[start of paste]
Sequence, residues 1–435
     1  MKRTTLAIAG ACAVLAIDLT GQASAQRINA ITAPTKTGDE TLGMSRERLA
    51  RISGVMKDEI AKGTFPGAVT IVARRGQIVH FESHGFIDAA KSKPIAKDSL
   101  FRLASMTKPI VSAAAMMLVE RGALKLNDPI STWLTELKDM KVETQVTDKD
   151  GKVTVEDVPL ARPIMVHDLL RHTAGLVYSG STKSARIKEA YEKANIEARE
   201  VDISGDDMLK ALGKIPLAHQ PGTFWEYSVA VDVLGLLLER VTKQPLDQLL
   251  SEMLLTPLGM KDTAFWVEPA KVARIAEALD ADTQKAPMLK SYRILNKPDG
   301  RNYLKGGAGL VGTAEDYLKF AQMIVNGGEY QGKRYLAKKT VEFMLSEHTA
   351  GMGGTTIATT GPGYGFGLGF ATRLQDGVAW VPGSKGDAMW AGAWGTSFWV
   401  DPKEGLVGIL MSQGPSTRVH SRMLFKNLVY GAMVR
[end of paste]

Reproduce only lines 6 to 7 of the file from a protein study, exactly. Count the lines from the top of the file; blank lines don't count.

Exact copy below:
   201  VDISGDDMLK ALGKIPLAHQ PGTFWEYSVA VDVLGLLLER VTKQPLDQLL
   251  SEMLLTPLGM KDTAFWVEPA KVARIAEALD ADTQKAPMLK SYRILNKPDG